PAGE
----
During my White Collar Boxing days, I was a big fan of Ricky Hatton.
Simply, he was a master of body shots.
However, in boxing it's not so easy to simply attack the body. Good boxers can see it coming. An advanced skill is to change the angle of attack, going one way, but attacking the other way
The following YouTube video shows Ricky explaining how he changes the angle for a body attack
And how does this relate to Chess?
See if you can solve the following tactical problem that I missed in today's training
Blokh Diagram 521 Difficulty 11
I had become fixated on going straight ahead, with no subtlety. I soley looked at the idea of 1. h5 gh 2. gh
From here I had in mind following up with 3. h6 Qf8 4. Nxe6 fe 5. h7+ Kg7 6. Qxf8 Kxf8 7. h8=Q +-
The calculation became "fuzzy" in my mind, and I tried to "justify" to myself that whatever Black played on move 2 couldn't prevent this
Changing the angle of attack
They say the hardest moves to find are where the Queen moves backwards. Euwe was known to be exceptional at finding retreating Queen moves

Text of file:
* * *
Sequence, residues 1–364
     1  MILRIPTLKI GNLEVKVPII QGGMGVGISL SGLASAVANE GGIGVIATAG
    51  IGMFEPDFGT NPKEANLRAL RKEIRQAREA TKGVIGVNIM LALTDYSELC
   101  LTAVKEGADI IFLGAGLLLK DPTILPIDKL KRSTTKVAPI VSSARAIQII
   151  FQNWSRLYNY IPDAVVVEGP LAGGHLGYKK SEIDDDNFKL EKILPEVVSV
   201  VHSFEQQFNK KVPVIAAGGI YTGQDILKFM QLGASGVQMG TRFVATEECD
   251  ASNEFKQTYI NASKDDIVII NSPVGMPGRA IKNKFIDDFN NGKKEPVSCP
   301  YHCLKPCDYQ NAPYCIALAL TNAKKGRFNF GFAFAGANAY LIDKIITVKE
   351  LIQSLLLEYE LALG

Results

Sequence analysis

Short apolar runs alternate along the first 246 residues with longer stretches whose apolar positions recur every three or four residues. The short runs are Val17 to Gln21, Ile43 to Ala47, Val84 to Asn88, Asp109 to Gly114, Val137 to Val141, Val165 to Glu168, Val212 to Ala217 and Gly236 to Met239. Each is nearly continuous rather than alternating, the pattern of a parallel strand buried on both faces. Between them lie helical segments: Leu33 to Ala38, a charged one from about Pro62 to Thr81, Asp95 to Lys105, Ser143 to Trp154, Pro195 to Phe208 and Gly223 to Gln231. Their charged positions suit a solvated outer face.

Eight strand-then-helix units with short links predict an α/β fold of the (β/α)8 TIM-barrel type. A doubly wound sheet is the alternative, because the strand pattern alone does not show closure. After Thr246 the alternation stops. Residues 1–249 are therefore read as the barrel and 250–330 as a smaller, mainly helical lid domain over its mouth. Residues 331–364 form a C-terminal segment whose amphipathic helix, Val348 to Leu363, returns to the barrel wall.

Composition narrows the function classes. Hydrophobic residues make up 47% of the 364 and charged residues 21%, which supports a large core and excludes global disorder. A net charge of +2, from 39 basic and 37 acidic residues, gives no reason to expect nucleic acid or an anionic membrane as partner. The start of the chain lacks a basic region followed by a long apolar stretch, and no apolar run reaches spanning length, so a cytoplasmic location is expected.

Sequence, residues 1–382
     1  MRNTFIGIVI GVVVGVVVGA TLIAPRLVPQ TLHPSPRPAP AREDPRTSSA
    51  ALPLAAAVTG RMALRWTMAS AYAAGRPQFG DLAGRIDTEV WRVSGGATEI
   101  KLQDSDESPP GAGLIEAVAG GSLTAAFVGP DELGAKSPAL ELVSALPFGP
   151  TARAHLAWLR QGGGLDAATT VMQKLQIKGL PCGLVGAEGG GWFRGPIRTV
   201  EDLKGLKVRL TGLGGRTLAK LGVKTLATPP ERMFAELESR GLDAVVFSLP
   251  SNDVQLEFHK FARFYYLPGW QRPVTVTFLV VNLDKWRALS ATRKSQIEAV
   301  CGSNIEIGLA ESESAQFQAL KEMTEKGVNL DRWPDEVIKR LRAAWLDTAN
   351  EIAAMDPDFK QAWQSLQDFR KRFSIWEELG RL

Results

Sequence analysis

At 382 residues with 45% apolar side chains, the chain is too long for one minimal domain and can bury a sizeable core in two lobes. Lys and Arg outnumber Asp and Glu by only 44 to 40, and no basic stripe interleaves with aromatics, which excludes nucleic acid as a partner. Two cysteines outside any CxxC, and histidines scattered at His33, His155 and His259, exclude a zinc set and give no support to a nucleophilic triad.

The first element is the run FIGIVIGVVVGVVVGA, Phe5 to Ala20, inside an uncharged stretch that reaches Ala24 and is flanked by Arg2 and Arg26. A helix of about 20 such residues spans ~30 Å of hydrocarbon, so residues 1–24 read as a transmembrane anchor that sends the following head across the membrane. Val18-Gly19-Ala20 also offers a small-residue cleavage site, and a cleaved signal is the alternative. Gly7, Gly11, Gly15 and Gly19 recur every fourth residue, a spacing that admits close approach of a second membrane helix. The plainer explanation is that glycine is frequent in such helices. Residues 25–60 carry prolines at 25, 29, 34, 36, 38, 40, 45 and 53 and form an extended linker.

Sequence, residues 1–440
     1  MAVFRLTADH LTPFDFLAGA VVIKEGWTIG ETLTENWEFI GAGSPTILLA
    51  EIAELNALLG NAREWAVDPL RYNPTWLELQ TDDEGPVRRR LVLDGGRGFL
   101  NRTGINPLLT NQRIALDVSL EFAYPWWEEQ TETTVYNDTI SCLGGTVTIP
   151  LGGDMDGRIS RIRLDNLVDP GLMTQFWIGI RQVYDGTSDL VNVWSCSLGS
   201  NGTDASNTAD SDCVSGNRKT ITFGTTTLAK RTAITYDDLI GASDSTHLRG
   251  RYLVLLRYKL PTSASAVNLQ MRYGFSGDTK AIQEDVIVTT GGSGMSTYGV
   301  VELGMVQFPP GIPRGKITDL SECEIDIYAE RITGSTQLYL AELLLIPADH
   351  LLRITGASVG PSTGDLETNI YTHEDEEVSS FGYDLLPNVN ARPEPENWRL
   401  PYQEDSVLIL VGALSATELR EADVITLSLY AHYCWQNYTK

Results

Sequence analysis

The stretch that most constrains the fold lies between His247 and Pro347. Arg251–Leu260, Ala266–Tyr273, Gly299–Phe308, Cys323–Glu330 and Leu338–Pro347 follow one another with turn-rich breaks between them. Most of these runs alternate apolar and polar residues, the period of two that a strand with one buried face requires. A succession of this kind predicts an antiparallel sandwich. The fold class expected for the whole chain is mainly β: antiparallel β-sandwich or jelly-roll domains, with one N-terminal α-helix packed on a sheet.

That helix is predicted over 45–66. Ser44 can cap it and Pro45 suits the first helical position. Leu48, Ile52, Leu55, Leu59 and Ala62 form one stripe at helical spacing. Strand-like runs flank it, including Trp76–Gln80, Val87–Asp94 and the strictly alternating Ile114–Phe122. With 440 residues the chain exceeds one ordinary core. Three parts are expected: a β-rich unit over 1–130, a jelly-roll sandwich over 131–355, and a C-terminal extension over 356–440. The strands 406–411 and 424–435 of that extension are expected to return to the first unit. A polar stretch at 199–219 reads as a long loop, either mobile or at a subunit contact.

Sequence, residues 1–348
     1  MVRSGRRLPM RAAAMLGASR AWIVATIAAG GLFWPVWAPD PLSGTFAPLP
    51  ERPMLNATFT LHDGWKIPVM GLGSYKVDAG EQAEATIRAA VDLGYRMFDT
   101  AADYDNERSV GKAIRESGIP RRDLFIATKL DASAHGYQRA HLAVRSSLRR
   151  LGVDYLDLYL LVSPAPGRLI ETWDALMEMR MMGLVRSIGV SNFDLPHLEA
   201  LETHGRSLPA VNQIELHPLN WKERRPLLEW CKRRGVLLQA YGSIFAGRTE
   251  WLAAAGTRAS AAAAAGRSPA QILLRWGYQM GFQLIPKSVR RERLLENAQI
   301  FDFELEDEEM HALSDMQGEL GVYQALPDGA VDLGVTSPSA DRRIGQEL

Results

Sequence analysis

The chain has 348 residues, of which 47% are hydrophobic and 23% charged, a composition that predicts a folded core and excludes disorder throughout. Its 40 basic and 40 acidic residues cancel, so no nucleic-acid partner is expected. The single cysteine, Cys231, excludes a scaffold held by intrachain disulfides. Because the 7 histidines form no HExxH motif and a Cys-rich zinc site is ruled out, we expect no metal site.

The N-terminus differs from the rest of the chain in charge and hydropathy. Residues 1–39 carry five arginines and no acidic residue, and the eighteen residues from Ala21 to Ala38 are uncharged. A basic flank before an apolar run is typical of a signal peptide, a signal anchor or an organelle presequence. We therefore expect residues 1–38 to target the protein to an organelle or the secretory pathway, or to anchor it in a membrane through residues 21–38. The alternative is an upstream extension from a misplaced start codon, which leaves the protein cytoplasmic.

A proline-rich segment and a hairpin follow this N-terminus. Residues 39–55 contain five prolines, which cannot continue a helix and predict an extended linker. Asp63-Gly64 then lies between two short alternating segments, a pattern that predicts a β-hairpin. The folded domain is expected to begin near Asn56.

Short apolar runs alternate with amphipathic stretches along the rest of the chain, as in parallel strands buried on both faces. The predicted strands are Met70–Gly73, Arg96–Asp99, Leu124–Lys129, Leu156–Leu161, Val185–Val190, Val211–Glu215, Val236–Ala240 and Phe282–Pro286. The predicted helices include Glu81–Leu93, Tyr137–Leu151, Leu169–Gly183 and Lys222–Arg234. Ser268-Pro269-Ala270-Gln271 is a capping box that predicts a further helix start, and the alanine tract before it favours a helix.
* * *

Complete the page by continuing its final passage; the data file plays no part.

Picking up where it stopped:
Rather than plough through by storming the castled King, I didn't consider changing the angle of attack
Candidate moves (or ideas). Time and again I fail to list them out before I start calculating. Often I pick a tempting line, explore it, then try and work the assessment in my favour
Why does this tactic work?
White can seize control of the c-file with his Queen.
Black's Queen is passive, and he lacks space
Black's back rank is weak
There is a geometry at f7 between e5 and h8
Have I seen this idea before?
As a trivia, can you identify this game where a similar tactical geometry occurs
Can you beat Magnus Carlsen?
Nakamura obtained this winning position against Carlsen at the Zurich 2014 tournament. However he played d6 and eventually lost.
Can you find the move from the diagrammed position (Hint: Similar theme to the tactical puzzle)